If you are considering buying a condo, you need to prepare yourself. It comes with different issues that you need to keep in mind, especially if it’s your first time. It is definitely different than buying a house.
Living in a condo means adjoined walls, HOA rules and regulations, and shared amenities. Overall, the whole process of buying condos and getting a mortgage is different than buying a house.
- Before you start viewing condos, it’s essential to know and fully understand the critical differences between living in a single-family home and a condo. It is the only way to decide whether the condo life is for you.
- Many people choose condos over houses for the low costs. They are typically cheaper than houses and require less maintenance. They are an excellent option for people looking for affordable alternatives.
- Getting a loan for a condo is hard since many lenders have rigid requirements.
- Residents have to follow the HOA’s CC&Rs. It stands for covenants, conditions, and restrictions of the condominium complex. Otherwise, they can be fined or worse, sued.
- Residents also have to pay a high monthly fee for any reparation and the maintenance of the common grounds, lobbies, pools, and everything else.
Should You Own a Condo?
Before sealing the deal, you need to ask yourself whether you are a condo person. Living in a condo means you have to be a city type of person. Most complexes are located in urban and densely populated areas or downtowns. Some development even comes with bank branches, stores, and a few other businesses. However, that might cause more noise and crowdedness.
If you have a certain area in mind for your condo, you have to check the neighborhood several times at different times, both at day and night, to see how bright and noisy it is. It will help you make a decision and eliminate that particular area from your list if the noise is an issue for you.
Another matter you should consider when buying a condo is the Homeowners Association (HOA). They come with strict rules, conditions, and restrictions that you must abide by in order to live in the area. If you are not one to follow the rules, you might need to reconsider buying a condo, especially since non-compliance could get you fined or sued.
Condos are an excellent option for first time home buyers who are on a budget and can’t afford a single-family home. Additionally, they require low maintenance. It’s great for busy people who can’t take care of any physical management of the property. Since most condos are located near or within big cities, they are great for city folks.
How to Buy a Condo
Buying a condo is quite different and more complicated than buying a house. Lenders have strict rules when financing this type of property. First, a certain percentage of the total of the units needs to be owner-occupied. Second, the number of condos that can be owned by one person is restricted. Usually, lenders can’t finance a purchase if the same investor owns more than 10 % of the total units. Some lenders even have restrictions regarding the occupancy rate. They require most units to be occupied before they agree to give a loan.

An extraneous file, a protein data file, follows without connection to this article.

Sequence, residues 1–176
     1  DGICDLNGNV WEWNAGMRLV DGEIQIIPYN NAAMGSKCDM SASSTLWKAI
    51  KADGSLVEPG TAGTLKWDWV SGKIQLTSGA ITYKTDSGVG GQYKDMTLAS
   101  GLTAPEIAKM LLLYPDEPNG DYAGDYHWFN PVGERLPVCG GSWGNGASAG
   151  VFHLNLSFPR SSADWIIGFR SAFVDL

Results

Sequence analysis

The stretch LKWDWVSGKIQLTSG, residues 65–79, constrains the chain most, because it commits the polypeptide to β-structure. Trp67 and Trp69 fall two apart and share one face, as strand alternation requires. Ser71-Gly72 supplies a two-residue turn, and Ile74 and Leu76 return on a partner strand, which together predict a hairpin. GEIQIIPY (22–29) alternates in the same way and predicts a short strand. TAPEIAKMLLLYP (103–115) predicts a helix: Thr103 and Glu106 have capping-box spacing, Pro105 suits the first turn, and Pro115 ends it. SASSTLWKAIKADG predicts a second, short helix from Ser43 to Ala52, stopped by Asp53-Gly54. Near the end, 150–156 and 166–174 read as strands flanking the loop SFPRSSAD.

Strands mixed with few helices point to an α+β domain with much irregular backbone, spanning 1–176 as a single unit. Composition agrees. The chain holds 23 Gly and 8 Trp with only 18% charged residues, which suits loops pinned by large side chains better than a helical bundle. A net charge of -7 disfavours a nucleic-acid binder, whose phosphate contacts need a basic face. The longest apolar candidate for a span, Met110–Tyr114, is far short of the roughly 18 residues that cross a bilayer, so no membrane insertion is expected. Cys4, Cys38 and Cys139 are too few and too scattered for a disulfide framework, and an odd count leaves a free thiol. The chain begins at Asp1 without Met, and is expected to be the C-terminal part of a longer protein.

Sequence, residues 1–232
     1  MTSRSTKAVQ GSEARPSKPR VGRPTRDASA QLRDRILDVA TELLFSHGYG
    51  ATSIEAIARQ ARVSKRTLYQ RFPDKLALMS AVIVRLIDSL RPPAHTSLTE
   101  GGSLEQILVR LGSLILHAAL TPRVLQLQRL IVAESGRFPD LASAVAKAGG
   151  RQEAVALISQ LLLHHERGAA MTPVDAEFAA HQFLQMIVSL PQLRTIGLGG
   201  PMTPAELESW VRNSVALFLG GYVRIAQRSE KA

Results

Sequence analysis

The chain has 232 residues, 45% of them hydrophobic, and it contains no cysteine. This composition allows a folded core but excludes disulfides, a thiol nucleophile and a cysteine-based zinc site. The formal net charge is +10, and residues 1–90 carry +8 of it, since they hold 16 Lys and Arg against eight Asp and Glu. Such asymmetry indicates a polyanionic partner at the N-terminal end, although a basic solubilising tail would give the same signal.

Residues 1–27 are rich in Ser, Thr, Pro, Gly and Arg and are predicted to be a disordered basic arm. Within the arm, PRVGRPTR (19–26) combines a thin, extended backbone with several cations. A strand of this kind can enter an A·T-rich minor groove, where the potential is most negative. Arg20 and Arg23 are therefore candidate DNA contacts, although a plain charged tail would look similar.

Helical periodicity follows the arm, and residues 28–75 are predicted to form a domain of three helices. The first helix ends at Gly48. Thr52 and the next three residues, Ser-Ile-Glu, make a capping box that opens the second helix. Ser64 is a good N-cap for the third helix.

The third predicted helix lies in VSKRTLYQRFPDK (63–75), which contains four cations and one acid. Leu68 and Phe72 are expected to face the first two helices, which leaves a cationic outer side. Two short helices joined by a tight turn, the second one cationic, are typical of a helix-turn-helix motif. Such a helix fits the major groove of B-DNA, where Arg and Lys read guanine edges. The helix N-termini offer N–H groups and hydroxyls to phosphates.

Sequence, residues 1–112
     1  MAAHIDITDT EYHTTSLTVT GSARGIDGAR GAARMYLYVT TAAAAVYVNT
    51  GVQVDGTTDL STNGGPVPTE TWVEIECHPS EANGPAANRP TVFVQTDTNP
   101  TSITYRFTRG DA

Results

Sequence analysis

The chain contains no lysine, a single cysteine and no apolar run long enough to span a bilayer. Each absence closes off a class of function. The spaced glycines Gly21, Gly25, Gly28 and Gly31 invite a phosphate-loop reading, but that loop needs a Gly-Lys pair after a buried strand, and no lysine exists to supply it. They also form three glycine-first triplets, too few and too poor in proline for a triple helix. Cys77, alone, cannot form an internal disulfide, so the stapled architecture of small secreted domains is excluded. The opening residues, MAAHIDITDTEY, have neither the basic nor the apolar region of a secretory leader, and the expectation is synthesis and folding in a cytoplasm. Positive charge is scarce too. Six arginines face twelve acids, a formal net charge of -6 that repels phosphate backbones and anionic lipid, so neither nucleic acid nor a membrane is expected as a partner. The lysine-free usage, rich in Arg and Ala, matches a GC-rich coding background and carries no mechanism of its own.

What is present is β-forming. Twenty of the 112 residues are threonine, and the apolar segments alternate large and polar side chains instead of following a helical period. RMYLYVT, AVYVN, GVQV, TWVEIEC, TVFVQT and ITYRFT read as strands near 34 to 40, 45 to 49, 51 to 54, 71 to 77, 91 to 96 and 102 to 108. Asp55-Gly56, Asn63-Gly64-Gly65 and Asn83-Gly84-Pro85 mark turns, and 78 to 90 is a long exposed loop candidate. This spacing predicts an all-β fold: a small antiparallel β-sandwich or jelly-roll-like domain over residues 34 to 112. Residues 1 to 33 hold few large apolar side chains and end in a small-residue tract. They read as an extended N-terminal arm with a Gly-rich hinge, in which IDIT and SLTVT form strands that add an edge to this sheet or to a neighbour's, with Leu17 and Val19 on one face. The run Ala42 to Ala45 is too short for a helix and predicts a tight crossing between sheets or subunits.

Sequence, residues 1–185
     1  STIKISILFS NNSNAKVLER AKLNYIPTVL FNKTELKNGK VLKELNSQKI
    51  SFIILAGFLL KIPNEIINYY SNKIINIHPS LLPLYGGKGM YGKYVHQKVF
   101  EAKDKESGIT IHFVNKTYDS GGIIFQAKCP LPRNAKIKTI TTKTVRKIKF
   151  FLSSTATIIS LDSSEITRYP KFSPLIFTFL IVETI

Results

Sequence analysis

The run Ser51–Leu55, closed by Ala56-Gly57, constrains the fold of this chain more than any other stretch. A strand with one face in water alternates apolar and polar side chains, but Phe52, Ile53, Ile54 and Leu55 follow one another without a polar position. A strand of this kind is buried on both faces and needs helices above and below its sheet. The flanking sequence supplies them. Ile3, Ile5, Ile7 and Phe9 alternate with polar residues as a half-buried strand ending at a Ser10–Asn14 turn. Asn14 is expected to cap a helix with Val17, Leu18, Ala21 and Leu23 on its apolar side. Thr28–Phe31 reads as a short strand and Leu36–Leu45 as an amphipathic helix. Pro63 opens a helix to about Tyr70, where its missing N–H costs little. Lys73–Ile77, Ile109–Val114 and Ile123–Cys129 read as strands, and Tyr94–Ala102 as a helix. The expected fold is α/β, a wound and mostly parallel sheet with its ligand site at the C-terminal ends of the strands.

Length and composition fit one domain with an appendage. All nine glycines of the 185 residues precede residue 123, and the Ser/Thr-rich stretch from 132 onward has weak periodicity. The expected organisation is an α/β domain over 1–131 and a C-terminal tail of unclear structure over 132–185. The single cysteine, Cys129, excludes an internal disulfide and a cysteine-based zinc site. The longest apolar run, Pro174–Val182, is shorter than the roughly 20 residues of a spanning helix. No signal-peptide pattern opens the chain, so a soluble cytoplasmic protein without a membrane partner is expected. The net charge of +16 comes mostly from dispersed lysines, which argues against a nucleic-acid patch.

Condos’ loan-to-value ratios are also stricter and more restricted than houses’. Federal Housing Administration (FHA)-backed mortgages for condos are a thing too. However, the condos’ restrictions are numerous. For example, the building needs to have more than four units to be financed.
Loans are not the only finances you should worry about. There are other costs of buying a condo. First, it’s the Homeowner’s coverage. Even though the HOA provides insurance, you might need additional coverage. Make sure to read all the documentation regarding the insurance carefully.
Also, keep in mind that there is a monthly fee you need to pay. It concerns the ongoing maintenance and repair of the shared areas in the complex. These fees concern pools, lobbies, elevators, recreation rooms, and any common grounds.
The HOA can reserve some funds for extensive repairs, such as painting or roof replacements. The monthly fees vary from one complex to another, depending on the amenities offered.
Avoid Condos With Certain Problems
Purchasing a condo is tricky, and it’s essential to protect yourself and your rights by researching the Homeowners Association beforehand and attend their meeting. You also need to talk to several neighbors and figure out if they are satisfied with the way the complex is managed.
Review all the documentation to know what is covered by the HOA and what’s not. You should also consult with a few board members to find out more about the association and its work over the last few years.
You should also find about the HOA’s litigation history regarding taxes and other issues both for taxes and other general matters. There might be some pending lawsuits that you don’t want to be part of. Sometimes, condo associations file for bankruptcy due to unpaid HOA dues. When lenders stop receiving their dues, they’ll stop financing the units. Additionally, you should review all the financial records. Homeowners’ Association should have a minimum of 25% of the gross income as a reserved fund for future repairs and emergencies. You should also check tax assessments and have them in line. If the condo’s price is low, but the tax assessment is high, you may be hit with a higher tax than what you expected.
Overall, condominiums are a great investment for a certain type of people. However, in tough markets, it’s harder to buy and sell a condo than a single-family home. It’s crucial to review the HOA, its history, and its CC&Rs and to have your taxes in line to avoid any future unfortunate situations.
Before hiring a real estate agent to help you purchase a condo, make sure they have a lot of experience with condos and the issues surrounding them. Buying a condo is not as simple and as easy as buying a detached home.